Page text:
Ho Chi Minh City is a bustling, vibrant metropolis with something for everyone. It is quite clean and though space is well used and people live cheek by jowl, there are plenty of beautifully tended green spaces and lots of outdoor gym locations. Our neighbourhood is clean and friendly and a rabbit warren of narrow streets, lanes and alleys. A very attractive canal runs through the area with nice green spaces and walking paths along it. Our host, Mr. Thong, lives in a tiny house, just off the canal.
|Thong, our congenial host, beside the canal|
|Off the street... down a narrow alley...|
|...then down a narrower alley...|
|....to Mr. Thong's house|
I am not standing in the doorway of house number 187. The number is the address of the alley that I am standing in. There will be many individual houses on the alley.
We are well away from the backpacker tourist centre around Pham Ngu Lao street, although we do go down for a visit.
|Street in the Backpacker Area|
We enjoy local coffee (always served with tea) and pho bo (local rice noodle soup).
|Pho bo for breakfast|
Within a two-minute walk of our house is a big southern US-style bar and barbecue place that provides several evening meals, not to mention some great cold specialty beers: Saigon Special and Phat Rooster!
|Super restaurant and bar right around the corner from Thong's house|
|Huge smoker for great BBQ|
Despite the fact that HCMC is like a beehive with people buzzing everywhere, there are lots of well-tended green spaces and parks.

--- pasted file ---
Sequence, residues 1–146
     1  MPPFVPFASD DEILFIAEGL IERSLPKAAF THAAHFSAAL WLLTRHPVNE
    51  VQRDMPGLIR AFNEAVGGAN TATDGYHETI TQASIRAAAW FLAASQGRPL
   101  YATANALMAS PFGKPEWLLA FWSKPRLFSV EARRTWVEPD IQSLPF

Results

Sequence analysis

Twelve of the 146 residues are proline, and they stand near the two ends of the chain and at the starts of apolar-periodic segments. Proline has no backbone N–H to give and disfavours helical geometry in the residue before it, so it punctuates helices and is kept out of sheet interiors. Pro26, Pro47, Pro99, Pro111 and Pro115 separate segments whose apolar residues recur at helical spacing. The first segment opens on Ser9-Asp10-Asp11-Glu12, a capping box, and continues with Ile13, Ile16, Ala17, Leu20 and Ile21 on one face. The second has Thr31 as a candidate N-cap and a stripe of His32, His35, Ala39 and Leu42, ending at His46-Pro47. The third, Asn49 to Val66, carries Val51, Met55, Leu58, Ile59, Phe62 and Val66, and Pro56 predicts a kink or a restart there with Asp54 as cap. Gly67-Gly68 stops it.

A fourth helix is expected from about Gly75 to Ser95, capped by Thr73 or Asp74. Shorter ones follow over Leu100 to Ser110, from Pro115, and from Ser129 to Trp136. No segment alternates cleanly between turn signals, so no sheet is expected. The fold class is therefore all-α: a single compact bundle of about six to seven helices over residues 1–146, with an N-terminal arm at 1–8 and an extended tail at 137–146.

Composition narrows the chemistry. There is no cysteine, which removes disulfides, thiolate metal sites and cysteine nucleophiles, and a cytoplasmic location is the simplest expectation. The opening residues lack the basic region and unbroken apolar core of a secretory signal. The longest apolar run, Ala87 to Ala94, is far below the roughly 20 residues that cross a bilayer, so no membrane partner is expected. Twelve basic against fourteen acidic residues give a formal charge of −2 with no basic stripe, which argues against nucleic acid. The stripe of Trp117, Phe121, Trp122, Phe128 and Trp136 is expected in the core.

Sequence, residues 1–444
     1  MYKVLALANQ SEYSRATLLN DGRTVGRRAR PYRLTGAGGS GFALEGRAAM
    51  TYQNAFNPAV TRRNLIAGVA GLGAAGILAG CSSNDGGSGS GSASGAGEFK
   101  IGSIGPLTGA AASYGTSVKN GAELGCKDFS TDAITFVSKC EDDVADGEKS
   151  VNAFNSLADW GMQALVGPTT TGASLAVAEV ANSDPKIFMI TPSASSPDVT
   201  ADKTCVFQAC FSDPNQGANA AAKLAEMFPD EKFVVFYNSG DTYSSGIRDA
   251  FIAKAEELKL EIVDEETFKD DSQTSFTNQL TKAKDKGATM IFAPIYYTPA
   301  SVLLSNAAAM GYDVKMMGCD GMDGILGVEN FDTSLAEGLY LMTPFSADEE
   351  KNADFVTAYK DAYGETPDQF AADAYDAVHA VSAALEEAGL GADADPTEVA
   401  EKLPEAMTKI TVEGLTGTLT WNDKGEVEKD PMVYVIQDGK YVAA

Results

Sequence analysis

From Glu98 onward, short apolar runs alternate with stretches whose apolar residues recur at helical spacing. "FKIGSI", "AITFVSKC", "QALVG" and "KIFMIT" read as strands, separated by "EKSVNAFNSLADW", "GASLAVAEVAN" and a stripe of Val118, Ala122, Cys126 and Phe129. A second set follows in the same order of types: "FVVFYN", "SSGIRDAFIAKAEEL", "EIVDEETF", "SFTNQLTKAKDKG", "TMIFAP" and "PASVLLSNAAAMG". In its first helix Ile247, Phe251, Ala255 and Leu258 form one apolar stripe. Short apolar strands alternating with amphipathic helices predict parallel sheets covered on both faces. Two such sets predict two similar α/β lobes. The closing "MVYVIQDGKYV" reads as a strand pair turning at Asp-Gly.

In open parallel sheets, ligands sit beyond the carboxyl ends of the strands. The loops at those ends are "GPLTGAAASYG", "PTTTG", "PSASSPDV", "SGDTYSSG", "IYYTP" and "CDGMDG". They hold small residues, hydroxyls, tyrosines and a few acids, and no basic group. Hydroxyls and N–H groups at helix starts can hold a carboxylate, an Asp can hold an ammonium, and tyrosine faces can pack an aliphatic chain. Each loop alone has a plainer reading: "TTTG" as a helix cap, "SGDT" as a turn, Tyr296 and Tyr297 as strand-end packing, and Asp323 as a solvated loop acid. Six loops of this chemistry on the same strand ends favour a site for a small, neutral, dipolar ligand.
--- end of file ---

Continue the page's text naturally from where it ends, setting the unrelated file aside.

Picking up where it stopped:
|Enormous trees along some streets|
Traffic to us is a nightmare. There are three million people in the city and at least three motorbikes for every five people. It could be worse: imagine if everyone owned a car! We were warned about the challenges of crossing the street and we have been practicing since Phnom Penh. There is no point in waiting for a break in the traffic -- you would be only a skeleton, sitting on the curb! The strategy is to strike out into the traffic and keep moving steadily across the street. This requires nerves of steel and some considerable faith in the nature of humanity, but it works! The ten thousand scooters, small cars and the occasional bus WILL flow around you! Do not stop, change speed or direction; just keep forging ahead at a steady pace. You may be sweating and have shaky knees by the time you attain the relative safety of the far curb, but you WILL still be alive and unhurt!
|Just think about trying to cross these streets|
A friend of ours, told us she was standing on the curb trying to summon the courage to cross, when a little eight-year-old girl took her gently by the hand and walked her across the street.
|Sidewalk vendor having a little siesta|
The Reunification Palace was the home of successive Presidents of South Vietnam right up until the morning of April 30, 1975, when the first communist tank crashed through the gates and brought the regime to an end. It is fascinating to tour the ornate reception rooms for foreign dignitaries, the President's private residence and the bunkers in the basement. Henry Kissinger met with the South Vietnamese leadership in these rooms, in his efforts to negotiate an end to the war.
|The gates that the tank crashed through|
|One of many ornate meeting rooms and reception chambers|
|A UH-1 (Huey) helicopter was always available on the helipad for the president's use|
|The interior has a magnificent tiled floor and features Eiffel's signature wrought iron construction in the barrel-vaulted hall.|
|Notre Dame cathedral was built by the French between 1877 and 1883.|
There is much to see and do here, I think we might have enjoyed another day or two.